STUDY: Are Flea Market Products Stolen Goods?

Certain flea markets and certain flea market products appear to present a compelling threat to some stores.

flea market products

In each print issue of LP Magazine, the Loss Prevention Research Council (LPRC) team features a past LPRC or University of Florida (UF) study that typically includes the topic, research method, research findings, and implications.

This study looked at the dynamics of flea markets (noted theft demand centers).

There are over 5,000 flea market type operations in North America, of which at least 1,000 are considered semipermanent. These markets are also referred to as swap meets, trash and treasure, boot sales, and outdoor markets.

The Nature of Flea Market Products

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Many studies across the globe have demonstrated some booth operators in some flea markets do deal in stolen property. However, most booth operators and even most markets do not have stolen items available. Of special note, flea markets can be good selling channels for stolen property, but there are often easier ways to convert stolen product to cash online via small stores, other small business and street fences, drug dealers, friends and coworkers, and by exploiting liberal or poorly executed store refund policies and practices.

Almost 100 flea markets were randomly selected from a guide of 1,000 locations and visited by our teams to assess the availability, pricing, and condition of a high-loss men’s shaving product as example of flea markets and stolen products activity.

Approximately one third of the markets had the shaving items for sale, with a handful offering the item for sale with electronic article surveillance (EAS) tags or store stickers on them.

A second phase of the research involved our teams offering premium blade replacement packs for sale to 28 booth operators in several markets in Florida that had Gillette blades on display. The product was offered for sale in pristine condition, in torn packaging, with store-logo-stickered packages, and out of the packaging—to determine the effects of these conditions on the price offered by operators.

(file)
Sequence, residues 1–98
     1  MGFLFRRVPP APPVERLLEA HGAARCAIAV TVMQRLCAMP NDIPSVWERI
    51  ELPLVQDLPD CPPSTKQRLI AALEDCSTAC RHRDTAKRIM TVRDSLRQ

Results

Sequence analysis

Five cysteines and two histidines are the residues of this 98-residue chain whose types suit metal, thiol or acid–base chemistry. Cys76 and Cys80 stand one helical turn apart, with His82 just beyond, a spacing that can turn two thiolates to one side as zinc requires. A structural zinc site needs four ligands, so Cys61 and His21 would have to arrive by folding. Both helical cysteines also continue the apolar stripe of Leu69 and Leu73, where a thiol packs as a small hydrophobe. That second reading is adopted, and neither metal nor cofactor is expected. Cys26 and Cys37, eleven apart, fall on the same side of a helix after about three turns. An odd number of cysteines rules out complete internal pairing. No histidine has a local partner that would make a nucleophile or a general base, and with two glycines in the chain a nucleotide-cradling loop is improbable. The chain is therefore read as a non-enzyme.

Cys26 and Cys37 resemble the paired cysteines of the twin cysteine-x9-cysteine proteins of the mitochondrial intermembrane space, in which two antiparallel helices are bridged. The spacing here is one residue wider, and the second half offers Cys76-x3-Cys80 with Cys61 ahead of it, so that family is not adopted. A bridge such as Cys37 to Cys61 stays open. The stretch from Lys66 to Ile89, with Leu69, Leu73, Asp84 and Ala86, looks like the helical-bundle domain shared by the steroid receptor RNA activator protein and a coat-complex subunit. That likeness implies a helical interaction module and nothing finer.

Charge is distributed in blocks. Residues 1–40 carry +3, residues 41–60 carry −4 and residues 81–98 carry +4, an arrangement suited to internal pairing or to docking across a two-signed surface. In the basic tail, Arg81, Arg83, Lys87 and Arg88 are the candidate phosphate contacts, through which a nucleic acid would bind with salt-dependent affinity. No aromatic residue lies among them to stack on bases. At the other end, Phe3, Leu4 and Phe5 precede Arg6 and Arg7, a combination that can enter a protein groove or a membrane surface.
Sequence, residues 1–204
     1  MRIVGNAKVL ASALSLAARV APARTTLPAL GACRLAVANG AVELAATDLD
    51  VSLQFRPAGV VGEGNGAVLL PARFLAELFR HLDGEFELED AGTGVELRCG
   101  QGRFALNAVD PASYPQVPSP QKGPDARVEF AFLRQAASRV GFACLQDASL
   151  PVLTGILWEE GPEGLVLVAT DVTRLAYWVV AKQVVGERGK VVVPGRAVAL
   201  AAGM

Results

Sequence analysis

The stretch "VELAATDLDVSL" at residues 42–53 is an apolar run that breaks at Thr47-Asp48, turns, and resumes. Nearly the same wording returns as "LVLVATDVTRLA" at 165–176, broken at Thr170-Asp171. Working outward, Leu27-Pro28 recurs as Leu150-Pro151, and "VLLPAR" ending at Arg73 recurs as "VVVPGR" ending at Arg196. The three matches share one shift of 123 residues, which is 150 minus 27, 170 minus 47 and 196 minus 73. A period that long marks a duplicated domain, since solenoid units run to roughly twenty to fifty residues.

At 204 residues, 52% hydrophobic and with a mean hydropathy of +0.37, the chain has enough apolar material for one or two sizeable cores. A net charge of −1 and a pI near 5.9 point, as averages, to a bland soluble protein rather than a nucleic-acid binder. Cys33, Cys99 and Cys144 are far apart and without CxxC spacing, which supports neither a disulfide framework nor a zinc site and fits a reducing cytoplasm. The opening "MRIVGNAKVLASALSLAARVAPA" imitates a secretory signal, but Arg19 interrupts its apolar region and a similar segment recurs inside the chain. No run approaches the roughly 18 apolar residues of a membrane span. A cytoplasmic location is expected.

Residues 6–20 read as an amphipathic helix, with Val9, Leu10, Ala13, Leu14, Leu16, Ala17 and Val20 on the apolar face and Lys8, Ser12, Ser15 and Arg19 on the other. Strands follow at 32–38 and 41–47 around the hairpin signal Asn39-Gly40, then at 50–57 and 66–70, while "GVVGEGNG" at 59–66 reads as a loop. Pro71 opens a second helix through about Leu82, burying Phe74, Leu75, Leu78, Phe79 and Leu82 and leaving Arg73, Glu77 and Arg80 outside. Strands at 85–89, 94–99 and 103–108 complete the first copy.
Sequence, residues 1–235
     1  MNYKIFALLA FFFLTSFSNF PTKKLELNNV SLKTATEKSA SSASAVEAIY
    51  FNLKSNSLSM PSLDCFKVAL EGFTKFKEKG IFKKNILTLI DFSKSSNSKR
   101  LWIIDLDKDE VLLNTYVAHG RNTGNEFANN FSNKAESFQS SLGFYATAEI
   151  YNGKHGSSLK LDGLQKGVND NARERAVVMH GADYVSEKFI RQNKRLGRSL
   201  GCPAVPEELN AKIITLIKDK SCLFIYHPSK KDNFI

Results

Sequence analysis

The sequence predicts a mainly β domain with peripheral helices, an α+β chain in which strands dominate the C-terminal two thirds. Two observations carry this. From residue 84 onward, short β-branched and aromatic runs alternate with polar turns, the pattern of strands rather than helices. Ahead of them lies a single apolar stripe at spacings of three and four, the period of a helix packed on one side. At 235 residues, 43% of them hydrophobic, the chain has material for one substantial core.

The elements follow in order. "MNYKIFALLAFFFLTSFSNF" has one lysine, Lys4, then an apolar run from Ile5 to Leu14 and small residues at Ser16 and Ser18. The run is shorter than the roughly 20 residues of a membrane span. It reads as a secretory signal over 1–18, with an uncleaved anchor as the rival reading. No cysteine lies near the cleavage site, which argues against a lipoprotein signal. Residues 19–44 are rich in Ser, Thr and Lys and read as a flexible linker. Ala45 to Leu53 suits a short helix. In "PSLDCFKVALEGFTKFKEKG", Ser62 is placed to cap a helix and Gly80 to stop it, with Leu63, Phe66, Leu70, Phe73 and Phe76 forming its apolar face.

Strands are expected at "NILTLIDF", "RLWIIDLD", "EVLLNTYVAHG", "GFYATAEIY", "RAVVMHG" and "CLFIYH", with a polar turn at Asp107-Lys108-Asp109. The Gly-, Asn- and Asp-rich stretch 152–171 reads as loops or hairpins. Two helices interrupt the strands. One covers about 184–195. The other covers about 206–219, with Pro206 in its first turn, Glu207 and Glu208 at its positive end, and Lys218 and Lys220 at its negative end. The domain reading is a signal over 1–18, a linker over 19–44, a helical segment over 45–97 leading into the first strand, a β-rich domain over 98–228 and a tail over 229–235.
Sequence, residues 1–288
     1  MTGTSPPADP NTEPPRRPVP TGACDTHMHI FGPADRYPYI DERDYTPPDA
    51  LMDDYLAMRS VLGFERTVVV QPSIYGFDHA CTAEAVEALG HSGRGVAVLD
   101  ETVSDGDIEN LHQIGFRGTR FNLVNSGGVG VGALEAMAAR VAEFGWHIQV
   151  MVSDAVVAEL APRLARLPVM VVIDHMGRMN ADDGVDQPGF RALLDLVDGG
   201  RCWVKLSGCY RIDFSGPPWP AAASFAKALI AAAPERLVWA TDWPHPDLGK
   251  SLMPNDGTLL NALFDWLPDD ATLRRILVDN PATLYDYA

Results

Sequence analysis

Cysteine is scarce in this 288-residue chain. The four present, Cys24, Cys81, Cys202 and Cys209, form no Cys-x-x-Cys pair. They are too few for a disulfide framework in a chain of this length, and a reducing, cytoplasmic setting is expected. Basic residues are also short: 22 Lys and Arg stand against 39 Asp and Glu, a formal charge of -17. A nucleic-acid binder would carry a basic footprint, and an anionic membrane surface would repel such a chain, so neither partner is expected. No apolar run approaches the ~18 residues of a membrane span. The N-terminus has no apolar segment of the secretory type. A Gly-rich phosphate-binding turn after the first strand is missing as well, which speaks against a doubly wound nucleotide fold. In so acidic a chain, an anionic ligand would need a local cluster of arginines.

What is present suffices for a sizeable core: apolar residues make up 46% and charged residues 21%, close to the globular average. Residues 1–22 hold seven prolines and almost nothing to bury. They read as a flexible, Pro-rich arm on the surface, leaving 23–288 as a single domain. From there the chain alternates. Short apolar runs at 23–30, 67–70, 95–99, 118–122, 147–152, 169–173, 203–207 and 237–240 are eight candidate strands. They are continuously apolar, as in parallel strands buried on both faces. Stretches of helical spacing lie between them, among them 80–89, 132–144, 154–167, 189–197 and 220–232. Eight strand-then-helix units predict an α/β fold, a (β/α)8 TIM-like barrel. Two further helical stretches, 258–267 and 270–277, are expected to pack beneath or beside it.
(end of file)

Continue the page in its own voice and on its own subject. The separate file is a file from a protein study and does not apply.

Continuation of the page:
Twenty-one of 28 booth operators who were offered the shaving product (which was described as stolen) also purchased the items.

There was no real difference in “wholesale” pricing with all the items other than a slightly lower price offered for the completely out-of-package items or competing or store brand. One booth operator placed the packs with retailer-specific stickers in front of other non-stickered items claiming the retailer logo marketed that it was “legit.”

The following are action steps to consider:

  • Certain flea markets and certain flea market products appear to present a compelling threat to some stores. It is difficult to determine a robust method for determining whether a local market is a threat without periodic surveillance by store staff, by law enforcement partners, and by debriefing detained shoplifters.
  • Product marking with secured retailer-specific logos did not appear to deter flea market operators from buying the goods, nor did they diminish the price in this relatively small pilot test. Evidence from this study supports the hypothesis that marking may not always deter boosters or fences, but does significantly aid in recovery and mapping organized retail crime (ORC) networks and stolen goods’ flow.

Please let me know any questions you might have on this very abbreviated study summary.

This post was excerpted from “Footprints and Flea Markets,” which was originally published in 2017. This post was updated May 15, 2019.

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